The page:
Changing mindsets and working together
Clearly the most difficult step is actually changing mindsets towards public transport, as well as creating an infrastructure that can accommodate the flexible needs of more connected customers. If this can be achieved, this in turn supports the retail sector which is on a similar journey.
What is crucial is that these two things, transport and retail, do not operate in complete isolation with change as we move forward, and that both sectors share customer insight and learning that will help the development of a long-term sustainable future for all.
Worldline, as experts in MaaS and digital payment services, can offer unique insight into audience profiling, travel scenarios, and outline how it’s possible for authorities to help facilitate change.
MaaS supports the high street
Delivering public transport that is cleaner, safer, greener and more efficient is essential to get people back to the high street. MaaS is powered by innovation, digitalisation, automation and connectivity offers huge opportunities for this.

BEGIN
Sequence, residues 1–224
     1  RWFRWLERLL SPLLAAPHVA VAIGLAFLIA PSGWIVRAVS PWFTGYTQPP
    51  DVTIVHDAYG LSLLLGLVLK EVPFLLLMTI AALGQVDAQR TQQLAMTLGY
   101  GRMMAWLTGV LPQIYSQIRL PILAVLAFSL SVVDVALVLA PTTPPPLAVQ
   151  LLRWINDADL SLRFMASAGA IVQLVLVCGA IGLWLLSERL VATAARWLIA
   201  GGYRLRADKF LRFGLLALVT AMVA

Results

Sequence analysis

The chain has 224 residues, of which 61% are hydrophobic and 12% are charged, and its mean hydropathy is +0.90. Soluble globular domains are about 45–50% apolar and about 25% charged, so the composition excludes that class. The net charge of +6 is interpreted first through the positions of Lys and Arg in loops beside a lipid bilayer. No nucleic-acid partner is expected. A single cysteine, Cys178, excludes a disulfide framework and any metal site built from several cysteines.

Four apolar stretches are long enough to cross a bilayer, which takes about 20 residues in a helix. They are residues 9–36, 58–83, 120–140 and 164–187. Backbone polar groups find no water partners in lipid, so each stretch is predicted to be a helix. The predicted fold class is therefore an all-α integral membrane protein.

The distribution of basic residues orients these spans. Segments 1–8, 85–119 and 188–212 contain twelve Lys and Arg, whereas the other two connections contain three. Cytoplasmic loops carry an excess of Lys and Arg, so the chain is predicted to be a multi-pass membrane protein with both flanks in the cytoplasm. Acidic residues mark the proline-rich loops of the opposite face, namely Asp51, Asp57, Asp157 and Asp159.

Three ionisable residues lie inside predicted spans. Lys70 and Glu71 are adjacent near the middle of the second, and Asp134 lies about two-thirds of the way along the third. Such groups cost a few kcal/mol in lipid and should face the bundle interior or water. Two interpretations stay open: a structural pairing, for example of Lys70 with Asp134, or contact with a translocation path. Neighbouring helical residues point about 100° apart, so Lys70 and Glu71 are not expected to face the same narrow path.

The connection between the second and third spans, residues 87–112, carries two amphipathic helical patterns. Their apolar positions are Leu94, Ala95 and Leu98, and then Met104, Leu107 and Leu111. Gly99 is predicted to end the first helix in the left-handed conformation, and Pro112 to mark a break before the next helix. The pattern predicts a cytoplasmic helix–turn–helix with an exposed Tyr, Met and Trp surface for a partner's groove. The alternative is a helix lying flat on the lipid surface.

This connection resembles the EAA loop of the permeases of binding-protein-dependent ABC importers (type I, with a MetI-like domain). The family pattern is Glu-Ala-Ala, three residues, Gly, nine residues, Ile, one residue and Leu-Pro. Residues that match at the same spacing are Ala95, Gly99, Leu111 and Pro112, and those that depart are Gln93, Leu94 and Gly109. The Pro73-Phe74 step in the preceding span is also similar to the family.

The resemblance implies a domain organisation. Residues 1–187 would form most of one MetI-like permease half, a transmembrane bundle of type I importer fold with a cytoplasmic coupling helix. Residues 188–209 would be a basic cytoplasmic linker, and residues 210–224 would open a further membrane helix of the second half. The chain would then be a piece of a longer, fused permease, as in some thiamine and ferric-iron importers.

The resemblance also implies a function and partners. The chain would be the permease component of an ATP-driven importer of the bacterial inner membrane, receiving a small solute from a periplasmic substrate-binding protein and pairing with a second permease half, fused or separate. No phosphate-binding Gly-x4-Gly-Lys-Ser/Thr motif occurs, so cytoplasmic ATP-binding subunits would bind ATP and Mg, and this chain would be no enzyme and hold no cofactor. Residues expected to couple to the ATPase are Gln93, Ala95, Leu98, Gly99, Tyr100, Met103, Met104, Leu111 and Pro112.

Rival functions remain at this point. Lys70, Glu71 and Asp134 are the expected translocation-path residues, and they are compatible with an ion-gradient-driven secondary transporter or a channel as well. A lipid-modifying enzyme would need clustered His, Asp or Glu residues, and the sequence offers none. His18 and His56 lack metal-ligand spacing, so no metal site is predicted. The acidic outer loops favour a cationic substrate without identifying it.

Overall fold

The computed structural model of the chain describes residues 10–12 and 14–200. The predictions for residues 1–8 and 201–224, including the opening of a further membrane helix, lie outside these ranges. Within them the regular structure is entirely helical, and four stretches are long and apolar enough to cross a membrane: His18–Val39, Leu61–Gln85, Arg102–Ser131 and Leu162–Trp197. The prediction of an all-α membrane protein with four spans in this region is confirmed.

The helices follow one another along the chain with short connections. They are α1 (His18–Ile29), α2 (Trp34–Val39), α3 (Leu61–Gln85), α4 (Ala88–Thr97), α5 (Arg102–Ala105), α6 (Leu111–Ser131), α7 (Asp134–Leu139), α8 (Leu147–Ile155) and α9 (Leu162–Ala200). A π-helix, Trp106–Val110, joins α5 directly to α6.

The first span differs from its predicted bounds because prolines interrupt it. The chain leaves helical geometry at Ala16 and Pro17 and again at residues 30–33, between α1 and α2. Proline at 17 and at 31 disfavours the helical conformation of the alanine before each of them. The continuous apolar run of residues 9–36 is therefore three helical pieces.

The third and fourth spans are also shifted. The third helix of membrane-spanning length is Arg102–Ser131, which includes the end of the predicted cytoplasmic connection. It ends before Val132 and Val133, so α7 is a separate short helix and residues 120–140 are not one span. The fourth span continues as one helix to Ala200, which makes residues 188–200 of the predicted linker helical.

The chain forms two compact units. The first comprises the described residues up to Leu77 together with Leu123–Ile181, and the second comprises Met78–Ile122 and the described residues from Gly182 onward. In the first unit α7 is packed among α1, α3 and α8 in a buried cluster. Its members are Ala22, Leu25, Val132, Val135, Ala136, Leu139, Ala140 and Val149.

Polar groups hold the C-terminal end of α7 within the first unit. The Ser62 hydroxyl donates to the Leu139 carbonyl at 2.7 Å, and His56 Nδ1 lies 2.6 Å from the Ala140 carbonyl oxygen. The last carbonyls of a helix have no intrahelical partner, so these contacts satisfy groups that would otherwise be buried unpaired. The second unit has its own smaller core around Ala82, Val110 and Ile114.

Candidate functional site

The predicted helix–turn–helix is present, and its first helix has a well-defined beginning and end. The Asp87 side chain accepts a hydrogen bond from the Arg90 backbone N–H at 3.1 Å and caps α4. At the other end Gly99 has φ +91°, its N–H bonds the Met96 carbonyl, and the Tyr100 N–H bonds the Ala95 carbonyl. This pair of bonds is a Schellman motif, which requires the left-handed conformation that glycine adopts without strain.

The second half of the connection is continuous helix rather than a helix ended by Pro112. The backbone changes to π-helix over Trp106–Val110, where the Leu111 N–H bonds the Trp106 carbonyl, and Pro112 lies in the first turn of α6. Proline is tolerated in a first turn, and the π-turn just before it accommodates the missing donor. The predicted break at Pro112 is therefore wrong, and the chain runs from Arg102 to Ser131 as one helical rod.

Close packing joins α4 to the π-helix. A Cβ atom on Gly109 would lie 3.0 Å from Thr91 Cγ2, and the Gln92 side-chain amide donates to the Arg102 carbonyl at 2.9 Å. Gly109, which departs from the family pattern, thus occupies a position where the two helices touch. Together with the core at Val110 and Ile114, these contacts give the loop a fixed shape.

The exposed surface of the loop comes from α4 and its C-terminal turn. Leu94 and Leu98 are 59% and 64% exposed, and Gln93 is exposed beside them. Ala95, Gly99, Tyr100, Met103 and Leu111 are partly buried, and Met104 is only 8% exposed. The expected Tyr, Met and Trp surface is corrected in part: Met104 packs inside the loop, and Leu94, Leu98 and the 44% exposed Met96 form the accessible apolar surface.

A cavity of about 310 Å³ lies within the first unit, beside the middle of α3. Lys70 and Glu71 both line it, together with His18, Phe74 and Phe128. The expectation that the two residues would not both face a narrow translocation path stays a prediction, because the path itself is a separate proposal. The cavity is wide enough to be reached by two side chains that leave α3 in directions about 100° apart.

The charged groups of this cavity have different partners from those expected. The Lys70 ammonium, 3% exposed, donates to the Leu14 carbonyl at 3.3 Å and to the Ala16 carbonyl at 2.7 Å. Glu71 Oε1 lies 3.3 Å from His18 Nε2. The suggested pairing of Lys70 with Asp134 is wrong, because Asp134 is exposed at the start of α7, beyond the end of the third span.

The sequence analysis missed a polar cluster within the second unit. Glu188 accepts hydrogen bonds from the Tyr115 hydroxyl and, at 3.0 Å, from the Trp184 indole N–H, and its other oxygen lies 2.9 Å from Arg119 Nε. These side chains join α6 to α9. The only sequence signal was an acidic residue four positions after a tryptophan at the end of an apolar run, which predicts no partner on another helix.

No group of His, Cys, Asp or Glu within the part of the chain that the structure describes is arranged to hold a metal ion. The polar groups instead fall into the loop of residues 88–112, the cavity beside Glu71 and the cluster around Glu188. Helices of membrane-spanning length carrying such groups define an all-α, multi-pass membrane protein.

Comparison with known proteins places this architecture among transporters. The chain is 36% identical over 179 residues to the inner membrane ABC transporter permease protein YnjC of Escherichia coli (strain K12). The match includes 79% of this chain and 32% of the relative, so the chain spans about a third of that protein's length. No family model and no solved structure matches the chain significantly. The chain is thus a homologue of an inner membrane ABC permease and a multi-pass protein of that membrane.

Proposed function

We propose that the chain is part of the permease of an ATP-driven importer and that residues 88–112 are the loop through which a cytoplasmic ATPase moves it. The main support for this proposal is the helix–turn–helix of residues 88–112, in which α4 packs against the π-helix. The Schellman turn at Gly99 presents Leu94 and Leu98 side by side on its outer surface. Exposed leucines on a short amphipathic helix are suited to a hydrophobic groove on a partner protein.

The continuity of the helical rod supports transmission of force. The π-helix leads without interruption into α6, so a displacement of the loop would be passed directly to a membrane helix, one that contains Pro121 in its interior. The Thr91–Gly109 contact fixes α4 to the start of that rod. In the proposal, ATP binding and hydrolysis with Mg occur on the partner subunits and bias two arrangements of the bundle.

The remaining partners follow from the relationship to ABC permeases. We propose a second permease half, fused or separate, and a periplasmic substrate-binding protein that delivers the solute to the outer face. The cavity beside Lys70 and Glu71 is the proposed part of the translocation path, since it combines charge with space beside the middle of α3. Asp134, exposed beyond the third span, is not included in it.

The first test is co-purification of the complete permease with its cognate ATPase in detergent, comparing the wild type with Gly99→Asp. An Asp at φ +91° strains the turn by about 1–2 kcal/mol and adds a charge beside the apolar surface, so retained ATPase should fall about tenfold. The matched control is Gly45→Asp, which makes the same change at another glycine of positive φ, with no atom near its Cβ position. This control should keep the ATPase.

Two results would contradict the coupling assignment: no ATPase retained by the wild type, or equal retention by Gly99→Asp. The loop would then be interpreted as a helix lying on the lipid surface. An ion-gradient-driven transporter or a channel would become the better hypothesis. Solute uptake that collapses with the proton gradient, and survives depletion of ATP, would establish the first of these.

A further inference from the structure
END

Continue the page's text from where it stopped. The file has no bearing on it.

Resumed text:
By welcoming innovations into the market, we are introducing smart, sustainable and multimodal mobility. Transport operators have a real opportunity to do more for their customers and meet the demand for a bespoke service, starting with how they design and develop smart ticketing schemes.
As enablers of MaaS services, including digital payments, Worldline has already delivered many of the benefits that these systems require. Customers are ready to move again, and the high street is slowly changing. Getting both the retail and transport propositions right, to bring prosperity is possible, but it involves everyone working together. Complete mobility, including efficient, low-cost, green travel for all will deliver an engaged audience for the new high street.